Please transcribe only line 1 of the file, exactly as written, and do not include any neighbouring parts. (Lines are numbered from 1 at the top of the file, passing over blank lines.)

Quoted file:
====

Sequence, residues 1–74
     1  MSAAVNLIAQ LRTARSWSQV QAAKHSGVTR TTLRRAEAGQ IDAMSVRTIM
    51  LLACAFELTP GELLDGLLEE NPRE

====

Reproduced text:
Sequence, residues 1–74